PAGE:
Leo's sculptures have a wooden core. He screws and nails and bolts things onto the core, shaping the piece as he goes along and building it up bit by bit. He packs everything so tightly you see only the things immediately behind the outer layer. His furniture includes a small buffet-bar, separating the kitchen from the dining room made of Pennsylvania license plates. A grandfather clock in the living room is made partly from cut-up Ouija boards, wooden beads, and children's blocks. In addition to the furniture, some of his sculptures can be found in the house. A life-size assembled woman sits on a real pew in the living room. (Leo likes to make things life-size.)

The house is compact. The first floor has a long hall running from the front door to the arched back door, leading to the backyard. Daughter Abby's room is tucked into one corner, and Barbara's office is next door. The third floor, the old hayloft, is Barbara and Leo's bedroom. It has an enormous skylight and is just as filled with oddities as is the rest of the house.

Dining Room

An assortment of chairs surrounds the dining table. The chair at the head of the table was restored by Leo's father. The container on the table is by Roseville, an early twentieth-century pottery company. The sideboard against the wall is made from skis, poised vertically, with dartboards and a cribbage board at the top and colored rulers below, all applied to an old jelly cupboard. The floor-standing wine cooler to the left is composed of various metal containers. The painting, from 1946, was purchased at a yard sale. The chandelier above the dining table is made partly from the innards of a washing machine.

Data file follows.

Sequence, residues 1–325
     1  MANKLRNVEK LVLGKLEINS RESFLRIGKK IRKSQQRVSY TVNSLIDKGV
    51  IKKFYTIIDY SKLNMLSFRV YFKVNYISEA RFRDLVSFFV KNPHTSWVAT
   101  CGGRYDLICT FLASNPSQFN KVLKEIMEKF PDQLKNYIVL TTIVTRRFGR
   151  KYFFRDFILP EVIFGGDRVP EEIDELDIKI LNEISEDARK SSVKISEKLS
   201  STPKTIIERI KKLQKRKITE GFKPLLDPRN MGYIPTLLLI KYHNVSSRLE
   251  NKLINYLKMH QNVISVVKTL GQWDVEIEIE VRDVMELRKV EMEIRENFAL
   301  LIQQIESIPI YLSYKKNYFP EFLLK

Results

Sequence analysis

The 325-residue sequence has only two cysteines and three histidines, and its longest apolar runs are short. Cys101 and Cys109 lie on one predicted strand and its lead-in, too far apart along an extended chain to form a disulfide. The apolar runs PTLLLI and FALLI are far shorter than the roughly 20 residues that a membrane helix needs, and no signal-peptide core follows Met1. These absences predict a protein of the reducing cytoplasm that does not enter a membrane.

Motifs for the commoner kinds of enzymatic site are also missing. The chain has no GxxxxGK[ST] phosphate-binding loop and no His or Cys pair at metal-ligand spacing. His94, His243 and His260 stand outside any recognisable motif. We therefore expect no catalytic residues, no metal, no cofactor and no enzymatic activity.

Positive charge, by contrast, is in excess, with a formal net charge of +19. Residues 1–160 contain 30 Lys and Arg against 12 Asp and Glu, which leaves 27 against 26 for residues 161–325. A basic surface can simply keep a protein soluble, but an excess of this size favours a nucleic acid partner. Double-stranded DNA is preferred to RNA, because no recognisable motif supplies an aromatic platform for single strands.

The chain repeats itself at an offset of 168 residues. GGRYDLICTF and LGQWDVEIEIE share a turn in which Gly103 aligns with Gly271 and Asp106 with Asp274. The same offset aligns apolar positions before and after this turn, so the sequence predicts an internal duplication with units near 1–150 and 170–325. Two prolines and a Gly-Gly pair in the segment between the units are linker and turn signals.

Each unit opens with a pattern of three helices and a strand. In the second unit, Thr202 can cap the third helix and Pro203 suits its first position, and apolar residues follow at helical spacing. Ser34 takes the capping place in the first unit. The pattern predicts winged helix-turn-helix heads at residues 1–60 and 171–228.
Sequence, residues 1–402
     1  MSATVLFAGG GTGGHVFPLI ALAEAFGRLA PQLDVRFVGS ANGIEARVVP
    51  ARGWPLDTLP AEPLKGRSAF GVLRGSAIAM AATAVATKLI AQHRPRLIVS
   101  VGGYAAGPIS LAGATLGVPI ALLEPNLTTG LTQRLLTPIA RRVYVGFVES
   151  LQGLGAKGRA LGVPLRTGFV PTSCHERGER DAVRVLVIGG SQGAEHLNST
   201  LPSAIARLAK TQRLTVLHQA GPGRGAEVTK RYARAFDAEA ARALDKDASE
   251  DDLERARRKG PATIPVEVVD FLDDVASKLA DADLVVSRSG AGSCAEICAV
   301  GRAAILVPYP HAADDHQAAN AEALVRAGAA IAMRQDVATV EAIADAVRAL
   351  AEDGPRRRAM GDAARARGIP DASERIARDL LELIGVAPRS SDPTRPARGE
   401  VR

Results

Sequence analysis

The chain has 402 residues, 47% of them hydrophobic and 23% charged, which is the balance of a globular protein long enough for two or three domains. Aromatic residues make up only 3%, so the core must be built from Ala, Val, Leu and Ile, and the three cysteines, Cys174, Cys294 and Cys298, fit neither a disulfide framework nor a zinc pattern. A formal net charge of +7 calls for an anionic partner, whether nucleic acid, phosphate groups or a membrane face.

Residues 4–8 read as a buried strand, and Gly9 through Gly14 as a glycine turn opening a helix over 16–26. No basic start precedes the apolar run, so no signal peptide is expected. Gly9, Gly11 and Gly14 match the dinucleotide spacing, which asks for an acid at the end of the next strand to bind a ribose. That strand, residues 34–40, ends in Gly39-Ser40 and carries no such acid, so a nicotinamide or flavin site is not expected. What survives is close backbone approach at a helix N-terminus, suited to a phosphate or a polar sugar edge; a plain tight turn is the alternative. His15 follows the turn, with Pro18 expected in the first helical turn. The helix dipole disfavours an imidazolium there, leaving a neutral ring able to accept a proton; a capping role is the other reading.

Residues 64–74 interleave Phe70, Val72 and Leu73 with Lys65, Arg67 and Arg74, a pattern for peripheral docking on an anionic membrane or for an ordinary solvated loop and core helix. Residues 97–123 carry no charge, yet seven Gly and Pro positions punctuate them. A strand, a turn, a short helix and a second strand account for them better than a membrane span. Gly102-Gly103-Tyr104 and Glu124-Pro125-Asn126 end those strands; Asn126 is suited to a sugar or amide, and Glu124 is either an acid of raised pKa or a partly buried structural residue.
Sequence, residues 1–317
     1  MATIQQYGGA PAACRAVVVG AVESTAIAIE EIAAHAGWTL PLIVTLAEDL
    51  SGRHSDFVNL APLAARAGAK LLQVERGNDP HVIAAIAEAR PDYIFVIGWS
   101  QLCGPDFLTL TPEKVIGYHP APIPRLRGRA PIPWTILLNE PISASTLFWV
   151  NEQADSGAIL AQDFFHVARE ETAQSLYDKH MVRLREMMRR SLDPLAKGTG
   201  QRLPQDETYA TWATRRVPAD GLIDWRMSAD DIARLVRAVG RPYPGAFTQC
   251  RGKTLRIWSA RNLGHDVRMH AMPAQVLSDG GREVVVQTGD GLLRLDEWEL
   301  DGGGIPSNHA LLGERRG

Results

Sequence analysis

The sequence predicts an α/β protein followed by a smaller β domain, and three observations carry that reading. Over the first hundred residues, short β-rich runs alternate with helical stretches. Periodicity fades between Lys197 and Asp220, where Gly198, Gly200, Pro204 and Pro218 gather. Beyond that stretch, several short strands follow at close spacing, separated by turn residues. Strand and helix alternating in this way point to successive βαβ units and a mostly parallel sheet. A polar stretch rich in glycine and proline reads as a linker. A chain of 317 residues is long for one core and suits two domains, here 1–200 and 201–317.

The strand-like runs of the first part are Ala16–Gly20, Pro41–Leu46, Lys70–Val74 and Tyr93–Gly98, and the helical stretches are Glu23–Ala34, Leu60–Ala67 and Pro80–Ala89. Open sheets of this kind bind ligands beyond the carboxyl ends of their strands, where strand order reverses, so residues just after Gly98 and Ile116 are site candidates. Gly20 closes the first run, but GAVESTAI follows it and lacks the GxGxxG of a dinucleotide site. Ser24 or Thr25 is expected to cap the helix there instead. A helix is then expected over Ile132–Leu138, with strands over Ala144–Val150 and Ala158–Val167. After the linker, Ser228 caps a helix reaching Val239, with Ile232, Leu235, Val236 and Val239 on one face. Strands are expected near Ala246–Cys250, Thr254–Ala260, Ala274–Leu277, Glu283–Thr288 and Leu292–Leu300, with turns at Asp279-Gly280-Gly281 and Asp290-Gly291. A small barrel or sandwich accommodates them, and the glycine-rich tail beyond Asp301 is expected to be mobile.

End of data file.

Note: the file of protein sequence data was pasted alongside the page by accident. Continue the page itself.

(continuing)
Part of the open space on the second floor, the kitchen is just beyond the top of the stairs and the dictionary stand. The freestanding buffet separating the kitchen from the dining area is made of old Pennsylvania license plates. Leo made the open cupboard next to the refrigerator; the base has an old icebox door. The thick countertop is from a bowling alley and supports a collection of bowls. On top of the refrigerator, which displays one of Abby's drawings is a little nouse made or rulers. On the wall next to the refrigerator is a painting of cows by an anonymous woman, and a framed collection of old Philadelphia mummers ribbons. The half-wall partition at the lower right has a glass panel behind which Leo has arranged colortul patches or dryer lint.

The second floor - the filling in the sandwich - is where most of the daytime living takes place. The open space is sectioned off into a kitchen, dining area, living room, and bathroom. A curving metal staircase in the living room leads up to the hayloft/master bedroom. High arched windows in the rooms look out on the street and the backyard. A door in the dining room leads out to the second-floor terrace.

If you look carefully at the objects Leo has made, and see them without preconceptions, you see them differently, as pieces of art. A hard second look, and the objects transcend the material from which they are made and you see the concepts and associations behind them.